That is the question for the Democratic majority in the House.
Last week, Speaker Nancy Pelosi
(D-Calif.) said she is against impeachment unless Democrats and Republicans come together and call for it. She is rejecting what the GOP did to President Clinton — impeachment with no plausible path to a Senate vote to remove him from office.
This means the key is Republican opinion.
Democrats are ready to go.
Sixty-six percent of Democrats told a Quinnipiac University poll released this month that Congress “should begin the process to impeach President Trump
But among Republicans, only 6 percent said it is time for impeachment.
In fact, just 21 percent of Republicans believe special counsel Robert Mueller
’s investigation into possible conspiracy between the Trump campaign and Russia is legitimate, according to a December Quinnipiac poll.
That fits with an NPR/Marist poll, also from December, that found 71 percent of Republicans stand by the president’s claim that he is the victim of a “witch hunt.”
Now for a dose of reality.
That same poll found “a majority of independents and 4 in 5 Democrats see Special Counsel Robert Mueller’s investigation as ‘fair.’”
That means all that stands between Trump and impeachment hearings is a thin but unbending reed of support from the declining number of Americans who identify as Republicans.
More than a few formerly loyal Republicans have departed as the GOP has become the Party of Trump.
The result is that Trump can point to support among the remaining Republicans as sky high, near 90 percent, and claim to be the most popular Republican in history.
This political distortion remains a stubborn reality even as Gallup’s most recent poll has Trump’s approval rating among all Americans dropping to only 39 percent.
Megan Brenan of Gallup wrote that “approval of Trump remains sharply polarized — 90 percent of Republicans, 33 percent of independents and 4 percent of Democrats currently approve.”
Even in the face of guilty pleas, convictions and evidence of repeated contacts between Russians and Trump campaign officials, the Trump media and his political supporters reflexively revert to giving blind support to the president.
Somehow they don’t see that Trump’s former campaign chairman, Paul Manafort
, and his former personal lawyer, Michael Cohen
, are on their way to jail.
They dismiss the reality that Cohen now describes Trump as a “racist,” a “con man,” and a “cheat.”
After that testimony, polls found more Americans believe Cohen than believe Trump.
But once again, Trump’s faithful stayed behind the president.
To get a clear picture of the current grip Trump has on what remains of the GOP, take another look at the Quinnipiac poll this month. Eighty-nine percent of Democrats said Trump “committed crimes before he became president.”
But 48 percent of Republicans say that is not true.
This is not just a political difference of opinion between Republicans and Democrats.
“Every other listed party, gender, education, age and racial group says by wide margins that Trump committed crimes,” Quinnipiac reported.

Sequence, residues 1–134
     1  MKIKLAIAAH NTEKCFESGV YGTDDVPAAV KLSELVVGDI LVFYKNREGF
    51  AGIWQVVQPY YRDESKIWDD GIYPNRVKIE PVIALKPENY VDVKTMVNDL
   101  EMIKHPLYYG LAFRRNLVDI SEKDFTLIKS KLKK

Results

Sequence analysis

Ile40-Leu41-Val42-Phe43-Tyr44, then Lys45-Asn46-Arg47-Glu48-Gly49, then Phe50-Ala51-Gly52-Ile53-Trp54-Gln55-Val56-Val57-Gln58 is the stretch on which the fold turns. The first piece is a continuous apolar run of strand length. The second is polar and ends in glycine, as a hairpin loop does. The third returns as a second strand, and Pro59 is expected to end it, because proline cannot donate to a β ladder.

To tune into Trump’s defenders — online, on radio and on television — is to hear the president portrayed as a man hunted by a mob of Democrats, elites, ‘Deep State’ actors in the FBI and CIA, and even Republicans from Mueller to former FBI director James Comey
and former Attorney General Jeff Sessions
Last week, however, some light made its way through Trump’s iron curtain.
He lost a slice of Republican support in the House and Senate as both chambers voted to disapprove of his declaration of a national emergency after Congress turned down his request for money to build a border wall.
This was a rare rebuke of the president by the Republican-controlled Senate. And it wasn’t just moderates like Maine’s Sen. Susan Collins
and Alaska’s Sen. Lisa Murkowski
. Conservatives who are normally allies of the president, such as Sens. Marco Rubio
(Fla.), Roger Wicker
(Miss.) and Pat Toomey
(Pa.), also broke with him.
Once again, the Trump echo chamber got busy attacking Republicans who voted their conscience, deriding them as weaklings.
So Pelosi has a point when she predicts that impeaching Trump would be “divisive to the country.”
Respectfully, Speaker Pelosi, the Constitution says Congress has a duty to impeach the president if it finds that he has committed “high crimes and misdemeanors.” There is no exception stating “unless it divides the country.”
And Pelosi can’t stop the approaching 2020 primaries.
Aided by the subpoena power of House Democrats, new information about the president’s business dealings, both foreign and domestic, is likely to raise eyebrows during the campaign, even among Trump’s myopic loyalists.
In addition, the GOP will also be defending 22 Senate seats to keep their majority in 2020. Do those 22 senators really want their careers to come down to a referendum on Trump?
Impeachment might not seem so divisive a short time from now.
Juan Williams is an author, and a political analyst for Fox News Channel.
Juan Williams: Don’t rule out impeaching Trump